By Franz Scheurer
The Canton of Glarus is one of Switzerland’s most picturesque. A mountainous area, less than half of its surface is classified as ‘productive’. Huge glaciers, large forests and high alpine peaks (The Todi reaches 11,887 ft) protect the villages and make access difficult, which is manifested in the many crafts and foods available that go back to ancient times.
One of the most characteristic products is Schabzieger. It is a herb cheese made with skim milk, flavoured by a local type of clover, Steinklee (Melilotus officinalis) also known as King Clover, Sweet Lucerne or White Melilot. The curds are brought down from the huts on the Alpine pastures in autumn, mixed with the dried clover powder, ground in a mill, then pressed into cone shaped moulds. Left to mature it is ready for consumption after about one year and keeps literally indefinitely. The older it gets the stronger and harder it gets and the more sought after by the Swiss.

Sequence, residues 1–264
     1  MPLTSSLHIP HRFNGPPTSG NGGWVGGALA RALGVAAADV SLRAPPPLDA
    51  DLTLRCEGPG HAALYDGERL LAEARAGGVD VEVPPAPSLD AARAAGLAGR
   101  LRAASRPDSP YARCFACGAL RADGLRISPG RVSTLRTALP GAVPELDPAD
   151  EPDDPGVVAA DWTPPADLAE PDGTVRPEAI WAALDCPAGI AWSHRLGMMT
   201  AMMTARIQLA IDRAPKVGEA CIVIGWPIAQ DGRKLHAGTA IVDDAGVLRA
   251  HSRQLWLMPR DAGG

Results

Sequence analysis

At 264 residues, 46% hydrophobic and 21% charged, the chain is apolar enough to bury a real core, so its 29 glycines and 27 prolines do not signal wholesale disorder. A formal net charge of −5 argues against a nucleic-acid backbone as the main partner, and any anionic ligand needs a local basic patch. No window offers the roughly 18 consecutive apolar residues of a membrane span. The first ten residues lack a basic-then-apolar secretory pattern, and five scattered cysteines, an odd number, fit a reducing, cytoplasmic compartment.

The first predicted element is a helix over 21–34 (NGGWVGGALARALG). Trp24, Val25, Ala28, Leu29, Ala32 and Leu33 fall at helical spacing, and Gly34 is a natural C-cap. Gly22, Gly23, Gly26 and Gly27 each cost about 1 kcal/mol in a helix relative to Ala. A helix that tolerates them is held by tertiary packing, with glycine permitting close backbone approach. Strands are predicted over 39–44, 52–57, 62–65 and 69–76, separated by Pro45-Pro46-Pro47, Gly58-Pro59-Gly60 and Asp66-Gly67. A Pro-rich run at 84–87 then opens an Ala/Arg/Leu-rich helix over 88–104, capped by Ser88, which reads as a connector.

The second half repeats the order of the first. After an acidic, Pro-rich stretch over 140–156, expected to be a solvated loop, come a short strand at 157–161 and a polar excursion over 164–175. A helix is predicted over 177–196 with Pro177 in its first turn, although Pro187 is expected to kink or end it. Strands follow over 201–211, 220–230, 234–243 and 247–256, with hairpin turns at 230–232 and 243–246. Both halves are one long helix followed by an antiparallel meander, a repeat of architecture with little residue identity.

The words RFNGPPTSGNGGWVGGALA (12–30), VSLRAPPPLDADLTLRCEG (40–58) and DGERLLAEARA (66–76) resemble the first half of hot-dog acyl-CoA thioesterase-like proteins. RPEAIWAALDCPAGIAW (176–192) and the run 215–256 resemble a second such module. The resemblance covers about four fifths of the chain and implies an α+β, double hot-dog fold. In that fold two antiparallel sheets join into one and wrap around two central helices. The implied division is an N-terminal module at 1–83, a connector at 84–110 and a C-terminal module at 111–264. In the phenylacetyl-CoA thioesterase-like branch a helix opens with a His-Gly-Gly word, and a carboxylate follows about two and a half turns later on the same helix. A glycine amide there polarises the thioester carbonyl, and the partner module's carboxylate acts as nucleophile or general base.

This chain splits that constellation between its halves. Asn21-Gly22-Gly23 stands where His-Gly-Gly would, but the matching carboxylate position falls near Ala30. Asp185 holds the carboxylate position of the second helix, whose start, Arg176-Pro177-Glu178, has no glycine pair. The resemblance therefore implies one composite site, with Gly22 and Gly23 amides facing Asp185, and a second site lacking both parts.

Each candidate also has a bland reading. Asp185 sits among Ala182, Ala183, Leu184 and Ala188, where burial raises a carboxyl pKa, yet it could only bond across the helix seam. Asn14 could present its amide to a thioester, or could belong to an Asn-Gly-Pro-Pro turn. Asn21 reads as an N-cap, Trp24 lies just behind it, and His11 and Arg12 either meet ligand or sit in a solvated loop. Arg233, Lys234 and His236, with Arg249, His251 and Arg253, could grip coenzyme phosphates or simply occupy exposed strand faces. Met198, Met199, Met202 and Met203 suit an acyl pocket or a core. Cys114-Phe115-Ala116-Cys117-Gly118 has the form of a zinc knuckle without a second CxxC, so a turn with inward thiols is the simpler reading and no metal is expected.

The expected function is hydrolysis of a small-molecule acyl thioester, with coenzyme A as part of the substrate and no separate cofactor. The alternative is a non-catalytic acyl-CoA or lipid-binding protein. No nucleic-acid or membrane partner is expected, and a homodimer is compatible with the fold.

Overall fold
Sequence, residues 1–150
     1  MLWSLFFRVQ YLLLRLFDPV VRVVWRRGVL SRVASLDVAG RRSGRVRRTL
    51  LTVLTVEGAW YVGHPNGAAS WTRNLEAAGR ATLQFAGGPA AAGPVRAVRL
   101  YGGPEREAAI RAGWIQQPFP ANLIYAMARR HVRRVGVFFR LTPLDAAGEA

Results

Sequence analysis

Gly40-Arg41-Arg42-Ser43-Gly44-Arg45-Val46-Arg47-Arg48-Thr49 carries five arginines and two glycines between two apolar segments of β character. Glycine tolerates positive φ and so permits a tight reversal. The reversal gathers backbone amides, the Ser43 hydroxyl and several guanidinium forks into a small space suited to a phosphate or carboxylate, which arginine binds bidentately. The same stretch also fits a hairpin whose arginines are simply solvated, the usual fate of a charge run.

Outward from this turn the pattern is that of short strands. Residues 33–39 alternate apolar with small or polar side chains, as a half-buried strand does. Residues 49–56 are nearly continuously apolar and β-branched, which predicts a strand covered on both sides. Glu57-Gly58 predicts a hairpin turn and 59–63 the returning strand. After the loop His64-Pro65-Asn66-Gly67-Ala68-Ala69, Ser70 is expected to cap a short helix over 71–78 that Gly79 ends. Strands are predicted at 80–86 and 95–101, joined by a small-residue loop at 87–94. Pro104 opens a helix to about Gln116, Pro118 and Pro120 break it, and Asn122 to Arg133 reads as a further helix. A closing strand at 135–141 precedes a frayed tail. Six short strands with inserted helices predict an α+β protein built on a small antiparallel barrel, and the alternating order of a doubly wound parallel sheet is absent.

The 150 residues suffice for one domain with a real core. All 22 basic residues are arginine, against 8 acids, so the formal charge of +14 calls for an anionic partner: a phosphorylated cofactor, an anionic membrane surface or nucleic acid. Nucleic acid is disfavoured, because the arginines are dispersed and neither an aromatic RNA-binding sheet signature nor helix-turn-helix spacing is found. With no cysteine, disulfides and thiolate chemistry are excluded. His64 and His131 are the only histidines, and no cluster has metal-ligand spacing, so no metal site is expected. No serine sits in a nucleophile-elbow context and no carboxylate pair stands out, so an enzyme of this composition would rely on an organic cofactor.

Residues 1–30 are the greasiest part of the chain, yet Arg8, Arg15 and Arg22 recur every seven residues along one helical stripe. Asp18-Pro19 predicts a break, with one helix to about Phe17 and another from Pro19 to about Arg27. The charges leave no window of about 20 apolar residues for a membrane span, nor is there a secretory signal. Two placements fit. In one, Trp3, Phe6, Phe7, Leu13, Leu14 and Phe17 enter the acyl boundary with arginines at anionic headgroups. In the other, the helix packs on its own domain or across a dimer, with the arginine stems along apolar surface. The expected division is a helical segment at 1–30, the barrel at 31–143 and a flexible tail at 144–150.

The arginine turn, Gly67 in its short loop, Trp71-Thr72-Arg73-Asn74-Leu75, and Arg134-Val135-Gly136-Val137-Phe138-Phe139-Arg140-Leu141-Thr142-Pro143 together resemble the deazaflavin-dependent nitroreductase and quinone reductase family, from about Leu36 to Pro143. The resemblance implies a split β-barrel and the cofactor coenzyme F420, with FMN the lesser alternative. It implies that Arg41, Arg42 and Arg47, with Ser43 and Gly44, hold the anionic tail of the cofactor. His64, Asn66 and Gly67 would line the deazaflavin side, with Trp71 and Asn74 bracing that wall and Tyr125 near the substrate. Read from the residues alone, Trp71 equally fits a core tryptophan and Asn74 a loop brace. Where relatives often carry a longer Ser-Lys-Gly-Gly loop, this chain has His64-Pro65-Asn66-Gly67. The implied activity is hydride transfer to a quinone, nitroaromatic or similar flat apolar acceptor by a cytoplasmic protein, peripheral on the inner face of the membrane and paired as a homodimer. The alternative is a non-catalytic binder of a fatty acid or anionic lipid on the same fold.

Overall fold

Sold, wrapped in foil, Schabzieger is a shade of green and is usually freshly grated at the time of consumption. (It is possible to buy grated Schabzieger, but like Parmesan, it is probably already rancid by the time you buy it) Grated and mixed with unsalted butter, it is popular, spread on sourdough and Schabzieger is often used as a condiment, mixed into pasta, fondues and soups. It is very strong and an unusual flavour, perceived similarly by foreigners as Vegemite is in Australia.
It is available in Australia from some delicatessens and at Iseli, Swiss Butcher in Ashfield. Try it, mixed with butter, spread on rusks as an accompaniment to a fennel soup. It is wonderful… or at least a conversation piece.